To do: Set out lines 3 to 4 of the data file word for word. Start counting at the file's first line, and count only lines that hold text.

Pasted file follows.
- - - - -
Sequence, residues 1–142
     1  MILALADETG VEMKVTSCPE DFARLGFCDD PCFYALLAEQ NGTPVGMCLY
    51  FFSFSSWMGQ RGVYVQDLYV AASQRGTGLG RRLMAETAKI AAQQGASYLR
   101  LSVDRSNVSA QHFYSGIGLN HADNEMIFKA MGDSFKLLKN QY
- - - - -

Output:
    51  FFSFSSWMGQ RGVYVQDLYV AASQRGTGLG RRLMAETAKI AAQQGASYLR
   101  LSVDRSNVSA QHFYSGIGLN HADNEMIFKA MGDSFKLLKN QY